by Angela Provitera McGlynn
Atwood Publishing, 2001
160 pages. Paperback.
Laying the groundwork for a successful semester starts with the first day of class. Author Angela Provitera McGlynn tells that the first day is not the day to pass out a syllabus and let everyone go. Rather, it’s the day to set the context for the rest of the semester.
The author stresses the need for developing an atmosphere of respect for diversity while simultaneously providing a safe and exciting place to explore differences.
Included are a whole variety of ice breakers and other exercises to keep students engaged and interacting. In addition, such vital issues as classroom dynamics, motivating students, and dealing with incivility are addressed with suggestions for promoting positive interactions.
Beneficial for new and seasoned professors alike
Successful Beginnings is divided into seven chapters, the first six of which focus on one of the following themes: course organization, first-day “icebreakers” to help start the semester well, building a good rapport with students throughout the semester, encouraging student participation and interaction, dealing with misbehavior in the classroom, and keeping students motivated through the mid and end-of-semester “blahs.” The final chapter summarizes the main points of each prior chapter. Given the variety of subjects and classroom dynamics that professors work with, McGlynn does an admirable job of offering a variety of suggestions on any given topic….Successful Beginnings for College Teaching offers useful suggestions on a variety of relevant topics. As such, it makes a good primer for young professors and a good refresher (or maybe even a renovator) for “old pros.”—J. Wisdom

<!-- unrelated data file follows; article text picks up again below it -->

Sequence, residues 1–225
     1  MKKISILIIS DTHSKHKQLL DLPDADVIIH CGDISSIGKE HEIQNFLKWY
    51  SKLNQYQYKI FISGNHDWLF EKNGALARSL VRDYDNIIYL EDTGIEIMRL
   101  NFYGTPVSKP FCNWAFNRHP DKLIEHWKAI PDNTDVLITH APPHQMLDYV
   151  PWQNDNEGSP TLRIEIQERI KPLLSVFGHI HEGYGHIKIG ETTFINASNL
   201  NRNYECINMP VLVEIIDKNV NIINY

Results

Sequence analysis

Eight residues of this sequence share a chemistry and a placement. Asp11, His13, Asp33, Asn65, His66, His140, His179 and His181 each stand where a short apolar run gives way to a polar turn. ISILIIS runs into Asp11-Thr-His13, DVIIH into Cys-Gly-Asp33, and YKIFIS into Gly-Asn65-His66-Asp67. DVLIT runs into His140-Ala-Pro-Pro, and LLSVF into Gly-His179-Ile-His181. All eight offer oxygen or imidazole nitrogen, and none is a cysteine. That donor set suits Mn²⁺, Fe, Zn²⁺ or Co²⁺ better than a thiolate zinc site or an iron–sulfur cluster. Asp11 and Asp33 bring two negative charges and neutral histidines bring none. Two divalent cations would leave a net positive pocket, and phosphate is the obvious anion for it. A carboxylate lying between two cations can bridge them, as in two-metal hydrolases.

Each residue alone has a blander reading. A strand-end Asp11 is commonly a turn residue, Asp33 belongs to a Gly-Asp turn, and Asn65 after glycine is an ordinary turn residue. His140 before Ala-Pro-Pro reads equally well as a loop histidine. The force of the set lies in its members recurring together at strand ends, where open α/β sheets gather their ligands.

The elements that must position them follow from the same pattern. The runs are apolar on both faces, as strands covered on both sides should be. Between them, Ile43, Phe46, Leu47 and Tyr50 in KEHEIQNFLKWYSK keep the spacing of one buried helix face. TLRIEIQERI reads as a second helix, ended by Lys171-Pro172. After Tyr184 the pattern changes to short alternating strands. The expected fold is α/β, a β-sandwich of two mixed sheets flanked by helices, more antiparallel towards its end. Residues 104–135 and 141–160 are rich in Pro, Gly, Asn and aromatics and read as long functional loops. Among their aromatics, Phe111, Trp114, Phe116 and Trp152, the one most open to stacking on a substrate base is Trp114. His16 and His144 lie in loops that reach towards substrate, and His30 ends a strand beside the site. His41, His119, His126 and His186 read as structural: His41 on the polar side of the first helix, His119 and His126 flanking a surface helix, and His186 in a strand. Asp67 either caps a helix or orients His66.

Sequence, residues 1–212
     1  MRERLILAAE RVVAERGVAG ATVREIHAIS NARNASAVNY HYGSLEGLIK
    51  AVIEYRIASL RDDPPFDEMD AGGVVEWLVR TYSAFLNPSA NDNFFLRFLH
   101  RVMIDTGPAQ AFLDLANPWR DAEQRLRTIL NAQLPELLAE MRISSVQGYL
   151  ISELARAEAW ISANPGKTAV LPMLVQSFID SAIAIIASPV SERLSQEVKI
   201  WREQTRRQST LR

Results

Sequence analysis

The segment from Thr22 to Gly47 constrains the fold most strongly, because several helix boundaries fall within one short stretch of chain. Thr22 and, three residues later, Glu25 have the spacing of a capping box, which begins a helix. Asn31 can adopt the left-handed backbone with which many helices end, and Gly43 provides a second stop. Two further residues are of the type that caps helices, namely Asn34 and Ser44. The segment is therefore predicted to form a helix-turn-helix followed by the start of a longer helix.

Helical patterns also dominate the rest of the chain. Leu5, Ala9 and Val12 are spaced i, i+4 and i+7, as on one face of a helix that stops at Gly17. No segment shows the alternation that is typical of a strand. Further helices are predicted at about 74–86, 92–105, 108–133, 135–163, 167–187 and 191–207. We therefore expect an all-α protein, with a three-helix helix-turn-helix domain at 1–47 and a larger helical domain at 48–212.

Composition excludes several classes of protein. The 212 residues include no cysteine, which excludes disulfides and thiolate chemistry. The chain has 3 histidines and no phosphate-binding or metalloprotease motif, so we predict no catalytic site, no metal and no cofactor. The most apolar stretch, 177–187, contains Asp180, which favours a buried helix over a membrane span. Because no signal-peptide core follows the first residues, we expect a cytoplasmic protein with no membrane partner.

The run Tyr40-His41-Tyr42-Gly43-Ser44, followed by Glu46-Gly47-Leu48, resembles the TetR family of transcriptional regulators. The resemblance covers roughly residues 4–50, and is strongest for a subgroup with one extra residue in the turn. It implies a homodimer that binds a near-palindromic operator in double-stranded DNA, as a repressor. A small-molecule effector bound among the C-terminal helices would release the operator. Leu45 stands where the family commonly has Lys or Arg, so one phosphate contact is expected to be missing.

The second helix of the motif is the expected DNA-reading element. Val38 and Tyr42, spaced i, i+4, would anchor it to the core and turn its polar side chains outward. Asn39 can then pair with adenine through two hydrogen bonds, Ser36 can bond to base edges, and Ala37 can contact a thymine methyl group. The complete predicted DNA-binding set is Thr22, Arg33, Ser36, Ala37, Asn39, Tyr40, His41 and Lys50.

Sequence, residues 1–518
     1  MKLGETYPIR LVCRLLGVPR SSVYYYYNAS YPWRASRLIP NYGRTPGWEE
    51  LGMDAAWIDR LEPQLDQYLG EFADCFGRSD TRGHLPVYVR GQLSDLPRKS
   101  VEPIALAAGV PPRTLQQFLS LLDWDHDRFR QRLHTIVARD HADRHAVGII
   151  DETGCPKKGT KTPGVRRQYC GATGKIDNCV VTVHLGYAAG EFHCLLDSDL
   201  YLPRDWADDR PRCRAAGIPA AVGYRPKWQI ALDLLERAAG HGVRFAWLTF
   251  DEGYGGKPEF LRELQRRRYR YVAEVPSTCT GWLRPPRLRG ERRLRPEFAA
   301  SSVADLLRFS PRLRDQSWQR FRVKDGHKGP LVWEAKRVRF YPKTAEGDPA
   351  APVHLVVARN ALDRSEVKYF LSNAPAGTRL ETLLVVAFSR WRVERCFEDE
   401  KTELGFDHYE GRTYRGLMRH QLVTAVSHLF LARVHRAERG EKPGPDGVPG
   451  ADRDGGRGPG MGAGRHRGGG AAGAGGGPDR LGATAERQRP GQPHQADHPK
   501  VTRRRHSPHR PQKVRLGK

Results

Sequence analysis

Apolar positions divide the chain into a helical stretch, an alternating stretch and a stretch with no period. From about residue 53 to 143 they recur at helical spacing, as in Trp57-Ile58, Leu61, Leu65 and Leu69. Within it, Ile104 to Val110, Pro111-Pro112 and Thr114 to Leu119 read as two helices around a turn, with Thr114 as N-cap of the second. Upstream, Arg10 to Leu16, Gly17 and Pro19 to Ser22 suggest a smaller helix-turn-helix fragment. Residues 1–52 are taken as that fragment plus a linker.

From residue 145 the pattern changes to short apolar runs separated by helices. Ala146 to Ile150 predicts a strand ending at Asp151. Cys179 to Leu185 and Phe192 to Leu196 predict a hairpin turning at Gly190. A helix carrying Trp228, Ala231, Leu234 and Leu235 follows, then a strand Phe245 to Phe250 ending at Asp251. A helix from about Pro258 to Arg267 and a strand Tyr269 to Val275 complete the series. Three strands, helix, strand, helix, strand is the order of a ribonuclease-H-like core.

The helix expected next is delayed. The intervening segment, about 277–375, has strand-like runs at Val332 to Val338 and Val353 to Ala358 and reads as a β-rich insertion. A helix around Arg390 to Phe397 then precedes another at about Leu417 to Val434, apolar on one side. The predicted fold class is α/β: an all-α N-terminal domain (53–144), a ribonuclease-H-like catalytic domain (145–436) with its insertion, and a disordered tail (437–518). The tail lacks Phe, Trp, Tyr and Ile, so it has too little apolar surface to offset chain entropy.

Successful Beginnings means better learning
I’m sorry that this book wasn’t available when I first started teaching. This book is such a valuable resource and guide to making all the right moves in preparing for and meeting students for the first time. Faculty in colleges are often isolated, and practical issues are rarely discussed, so “Successful Beginnings” goes a long way to rectify that situation. There is such a nice balance between theory and practical suggestions that experienced faculty will also find this book immediately helpful. Most importantly, Professor McGlynn takes readers beyond the beginnings of courses to proven methods of effective classroom teaching and course management. She has a wonderful section on concluding courses in meaningful ways, and I plan to use some of her techniques myself at the end of this semester.
If I were an administrator at a college, I would make sure that I got this book into the hands of every new faculty member, full-time or adjunct!—Russell T. Warne
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